The Muslim Youth Movement (MYM) Gender Desk will commemorate and celebrate the life of the late Shamima Shaikh, one of South Africa’s most prominent Muslim gender rights’ activists. Shaikh died of cancer in 1998, at the age of 38. Shaikh is remembered as a feisty journalist, media activist and Islamic feminist. This year’s annual Shamima Shaikh Memorial Lecture takes place on Saturday, 5th September 2015 at the Al-Ansaar Hall, Overport, Durban.
The event will feature tributes from former comrades, family members, activists, and spoken word artists. The lecture itself will be delivered by Professor Sa’diyya Shaikh, and will be titled “Cultivating Spirit, Embodying Justice: Sufism, Gender and Islamic Feminism”. Sa’diyya Shaikh is Associate Professor in the Department of Religious Studies at the University of Cape Town, South Africa.
Through her commitment to Islam, Shamima believed it imperative to speak out and act against all kinds of injustices, especially racial and gender discrimination.
On the 4 September 1985 Shamima was arrested for distributing pamphlets that called for a consumer boycott of white-owned businesses. She spent the next few hours locked up at Durban’s CR Swart Police Station with her partner-in-crime, Na’eem Jeenah, now a well-known political commentator in South Africa. This was her first meeting with Na’eem, who was national president of the Muslim Students Association. Two years later, Na’eem was to become Shamima’s husband.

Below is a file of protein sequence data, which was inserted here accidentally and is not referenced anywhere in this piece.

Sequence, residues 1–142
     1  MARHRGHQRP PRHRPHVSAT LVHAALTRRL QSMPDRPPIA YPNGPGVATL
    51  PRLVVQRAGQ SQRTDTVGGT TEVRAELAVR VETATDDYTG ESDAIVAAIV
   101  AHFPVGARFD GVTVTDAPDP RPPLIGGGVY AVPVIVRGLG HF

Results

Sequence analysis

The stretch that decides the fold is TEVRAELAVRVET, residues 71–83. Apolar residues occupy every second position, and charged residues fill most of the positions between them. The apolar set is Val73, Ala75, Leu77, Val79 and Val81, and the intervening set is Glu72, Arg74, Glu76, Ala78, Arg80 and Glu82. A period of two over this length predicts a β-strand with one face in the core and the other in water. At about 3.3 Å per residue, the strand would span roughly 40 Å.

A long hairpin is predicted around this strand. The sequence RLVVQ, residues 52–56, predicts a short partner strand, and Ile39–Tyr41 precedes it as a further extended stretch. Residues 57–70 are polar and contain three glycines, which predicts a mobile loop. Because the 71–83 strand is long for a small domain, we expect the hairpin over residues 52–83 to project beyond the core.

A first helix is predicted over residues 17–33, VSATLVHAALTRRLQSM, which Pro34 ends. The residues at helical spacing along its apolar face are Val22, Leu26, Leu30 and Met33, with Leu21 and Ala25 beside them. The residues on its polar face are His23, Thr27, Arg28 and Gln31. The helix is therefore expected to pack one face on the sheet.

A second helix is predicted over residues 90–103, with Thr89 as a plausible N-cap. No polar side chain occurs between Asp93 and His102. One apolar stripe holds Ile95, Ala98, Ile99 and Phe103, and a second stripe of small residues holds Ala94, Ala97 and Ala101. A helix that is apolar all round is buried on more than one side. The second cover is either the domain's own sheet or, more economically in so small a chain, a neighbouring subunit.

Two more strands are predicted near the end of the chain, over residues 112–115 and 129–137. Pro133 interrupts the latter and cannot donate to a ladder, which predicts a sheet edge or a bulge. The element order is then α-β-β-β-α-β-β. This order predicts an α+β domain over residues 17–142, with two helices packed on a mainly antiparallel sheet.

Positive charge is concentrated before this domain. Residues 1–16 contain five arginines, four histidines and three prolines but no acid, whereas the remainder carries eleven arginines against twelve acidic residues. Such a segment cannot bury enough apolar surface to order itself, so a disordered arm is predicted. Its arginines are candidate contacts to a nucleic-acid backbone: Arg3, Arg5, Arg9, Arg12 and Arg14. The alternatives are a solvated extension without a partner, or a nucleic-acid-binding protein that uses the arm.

In 1989 Shamima became involved with al-Qalam which was being edited by Na’eem. al-Qalam was a Muslim community newspaper that belonged to the Muslim Youth Movement of South Africa, an organisation she began to get increasingly involved in.
In 1993 Shamima was elected the Transvaal Regional Chairperson of the Muslim Youth Movement of South Africa, and was thus a member of its National Executive, only the second woman to hold such a position.
1993 also saw Shamima leading women to attend the taraweeh prayers at the 23rd Street Mosque in Fietas in Johannesburg. This led to clashes between her and some of the members of the mosque committee and thrust Shamima into the public eye.
“As a proponent for gender justice within the South African Muslim community, Shamima championed the causes of women’s access and inclusion in sacred spaces, a just Muslim Personal Law and promoted, through her own example, women’s leadership and scholarship. In commemorating her life, the memorial lecture, taking place annually, will provide a platform for much-needed discourse on critical issues in the struggle for gender justice in Muslim communities,” said MYM president Thandile Kona.
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